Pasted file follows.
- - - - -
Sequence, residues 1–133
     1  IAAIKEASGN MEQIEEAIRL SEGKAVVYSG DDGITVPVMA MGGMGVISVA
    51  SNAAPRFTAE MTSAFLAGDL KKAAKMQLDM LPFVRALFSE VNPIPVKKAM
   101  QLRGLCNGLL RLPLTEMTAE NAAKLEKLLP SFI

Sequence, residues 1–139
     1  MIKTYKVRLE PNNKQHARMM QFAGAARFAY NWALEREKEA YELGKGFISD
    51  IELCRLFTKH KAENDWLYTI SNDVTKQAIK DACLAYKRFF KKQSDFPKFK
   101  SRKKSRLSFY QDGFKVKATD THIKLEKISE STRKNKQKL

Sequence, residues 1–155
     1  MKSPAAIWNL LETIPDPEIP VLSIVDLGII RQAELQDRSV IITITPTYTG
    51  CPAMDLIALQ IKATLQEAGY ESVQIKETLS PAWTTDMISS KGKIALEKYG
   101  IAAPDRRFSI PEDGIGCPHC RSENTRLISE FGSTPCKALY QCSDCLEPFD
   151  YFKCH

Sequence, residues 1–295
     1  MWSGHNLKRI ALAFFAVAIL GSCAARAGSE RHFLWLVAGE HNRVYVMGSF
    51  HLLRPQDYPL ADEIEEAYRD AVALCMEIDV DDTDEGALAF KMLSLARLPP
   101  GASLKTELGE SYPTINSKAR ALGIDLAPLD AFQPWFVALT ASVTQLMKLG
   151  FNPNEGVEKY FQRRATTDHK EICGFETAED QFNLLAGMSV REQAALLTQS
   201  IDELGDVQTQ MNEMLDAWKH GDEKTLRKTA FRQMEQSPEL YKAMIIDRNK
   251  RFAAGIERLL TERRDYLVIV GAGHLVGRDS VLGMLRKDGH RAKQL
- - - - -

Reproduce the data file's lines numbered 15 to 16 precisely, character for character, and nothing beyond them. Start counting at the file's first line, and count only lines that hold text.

     1  MWSGHNLKRI ALAFFAVAIL GSCAARAGSE RHFLWLVAGE HNRVYVMGSF
    51  HLLRPQDYPL ADEIEEAYRD AVALCMEIDV DDTDEGALAF KMLSLARLPP